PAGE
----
Quinoa does not contain any common food safety hazards. But be careful if your baby has a sensitive gut. The quinoa seed's exterior part is coated with saponin, which is a mild digestive irritant, and may be harmful to the gut lining.
Saponins are a naturally occurring phytochemical that gives unwashed quinoa a bitter taste. It is a protective compound of plants that protects the plant from birds and insects and fungus attack.
It is always recommended that quinoa be rinsed thoroughly before cooking and consumption to remove any remaining saponins. And remember to serve the quinoa in moderation, as excessive intake of quinoa could affect the gut lining. See the sections "How to buy" and "How to prepare and offer" for more information on how to safely serve quinoa to your baby.
Is quinoa a choking hazard for babies?
Quinoa is not listed on CDC's list of most common choking hazards for babies. However, the seeds can clump together in the cooking process. To reduce the risk of choking, once cooked, make sure to fluff and separate quinoa with a fork before serving it to your baby. Refer to the section “How to prep and offer” to learn more about how to prepare and offer quinoa to your baby.
This workshop covers everything you need to know for dealing with gagging, reducing the risk of choking during mealtimes, and offering safe food sizes and shapes to your child.
Note: Keep in mind that any food can present a risk for choking if not prepared correctly. You are responsible for following age and food modification guidelines provided in order to reduce your baby’s risk for choking.
Is quinoa a top food allergen for babies?
Quinoa allergy is not very common. It does not cause any harm to your baby, but saponin, a protective compound present on the surface layer of the seed, may cause reactions in the body.
Saponin is a bitter compound that may cause irritation and toxicity in some people. The reaction may vary from mild to severe. It all depends on the body’s reaction to the compound. Virtually all of the quinoa sold in the United States is completely pre-rinsed so the bubbly, bitter saponins are limited.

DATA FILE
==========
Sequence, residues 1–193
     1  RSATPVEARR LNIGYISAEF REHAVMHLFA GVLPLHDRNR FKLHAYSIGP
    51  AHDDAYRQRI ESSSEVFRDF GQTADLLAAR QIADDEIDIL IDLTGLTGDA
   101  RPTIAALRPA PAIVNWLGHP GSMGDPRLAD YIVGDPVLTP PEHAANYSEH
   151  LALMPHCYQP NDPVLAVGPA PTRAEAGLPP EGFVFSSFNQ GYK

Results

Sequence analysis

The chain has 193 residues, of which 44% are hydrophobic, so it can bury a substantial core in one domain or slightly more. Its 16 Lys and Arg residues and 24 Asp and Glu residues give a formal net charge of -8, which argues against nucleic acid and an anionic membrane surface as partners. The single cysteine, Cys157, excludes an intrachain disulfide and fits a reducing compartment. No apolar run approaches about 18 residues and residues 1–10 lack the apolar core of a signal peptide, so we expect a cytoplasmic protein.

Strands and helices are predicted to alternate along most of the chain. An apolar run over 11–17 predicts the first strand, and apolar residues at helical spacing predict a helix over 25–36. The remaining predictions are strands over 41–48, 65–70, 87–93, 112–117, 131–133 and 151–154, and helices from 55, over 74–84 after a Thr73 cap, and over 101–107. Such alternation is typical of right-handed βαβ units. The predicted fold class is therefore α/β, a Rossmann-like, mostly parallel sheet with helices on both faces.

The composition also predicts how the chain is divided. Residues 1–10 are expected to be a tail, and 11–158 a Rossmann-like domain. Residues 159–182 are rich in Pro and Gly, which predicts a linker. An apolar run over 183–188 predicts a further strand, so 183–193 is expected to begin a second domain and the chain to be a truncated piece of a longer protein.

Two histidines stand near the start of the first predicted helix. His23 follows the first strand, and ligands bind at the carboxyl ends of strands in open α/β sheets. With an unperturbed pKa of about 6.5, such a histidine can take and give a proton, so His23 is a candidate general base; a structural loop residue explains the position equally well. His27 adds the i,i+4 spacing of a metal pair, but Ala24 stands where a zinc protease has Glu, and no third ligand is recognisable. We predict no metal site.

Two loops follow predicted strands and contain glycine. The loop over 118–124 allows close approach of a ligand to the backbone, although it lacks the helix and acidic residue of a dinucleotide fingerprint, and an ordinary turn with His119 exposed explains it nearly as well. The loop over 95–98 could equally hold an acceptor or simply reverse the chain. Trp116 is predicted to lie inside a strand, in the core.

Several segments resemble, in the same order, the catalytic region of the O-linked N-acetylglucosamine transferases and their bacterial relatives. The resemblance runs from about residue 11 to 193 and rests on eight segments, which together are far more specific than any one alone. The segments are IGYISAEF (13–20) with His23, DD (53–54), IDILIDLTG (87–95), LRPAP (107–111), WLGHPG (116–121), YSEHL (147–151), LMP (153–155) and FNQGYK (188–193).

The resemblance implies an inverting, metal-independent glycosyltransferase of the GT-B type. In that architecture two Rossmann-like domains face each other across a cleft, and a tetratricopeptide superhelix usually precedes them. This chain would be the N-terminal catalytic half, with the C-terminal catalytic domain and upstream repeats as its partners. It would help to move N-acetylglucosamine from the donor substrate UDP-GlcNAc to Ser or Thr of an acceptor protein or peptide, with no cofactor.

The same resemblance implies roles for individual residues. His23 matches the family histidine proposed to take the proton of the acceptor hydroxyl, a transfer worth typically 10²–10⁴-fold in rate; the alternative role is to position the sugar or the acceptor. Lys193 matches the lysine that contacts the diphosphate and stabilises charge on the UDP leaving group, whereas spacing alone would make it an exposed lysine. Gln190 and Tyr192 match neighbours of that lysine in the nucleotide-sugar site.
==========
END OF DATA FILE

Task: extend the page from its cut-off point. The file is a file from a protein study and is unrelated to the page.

Quinoa sensitivity may also be developed due to the protein or oxalate present in the seed. Symptoms include facial swelling, low blood pressure, inability to breathe, pale skin, nausea, vomiting, diarrhea, stomach pain, eczema. Report to the doctor as soon as you find any allergic reaction developing in your baby.
If your baby has celiac disease or any family member has grain sensitivity, check with your pediatrician before introducing quinoa into the baby’s diet.
Whenever you give your baby quinoa (or other foods) for the first time, offer it in small quantities, and watch for any signs of a reaction. If your baby seems to tolerate the food well and you see no adverse reaction, then continue to gradually increase portion sizes when you offer it again to your baby. If your baby shows any symptoms like diarrhea, skin hives, abdominal pain, shortness of breath, swelling of mouth, weakness, or dizziness after the consumption of quinoa, consult your healthcare provider. These symptoms can be a sign of allergy or intolerance.
Note: Always consult with your healthcare provider regarding introducing solid foods to your baby, and specifically discuss any foods that may pose allergy risks for your baby.
How to buy quinoa for babies
You may purchase quinoa whole, in flakes, crisps, and even as a flour. Virtually all of the quinoa sold in the United States is completely pre-rinsed so the bubbly, bitter saponins are limited.
Quinoa is sometimes sold in bulk bins. If you buy it from a bulk bin (which is often the most economical option), then make sure that the bin is kept adequately covered so that it is safe for your baby. It’s also better if the store you buy it from is busy enough to ensure that the stock is regularly turned over… you don’t want to buy stale quinoa!
More often, though, you’ll find quinoa sold pre-packed, and it tends to be displayed along with rice and other grains. You will find different colors of quinoa in a grocery store - white, red, black, and tri-color or rainbow quinoa. White quinoa has the least bitter taste.
★If your baby has celiac disease or gluten sensitivity - look for the “gluten-free” label on the quinoa package. Quinoa is considered gluten-free, but some strains of quinoa may contain a measurable amount of gluten due to cross contamination.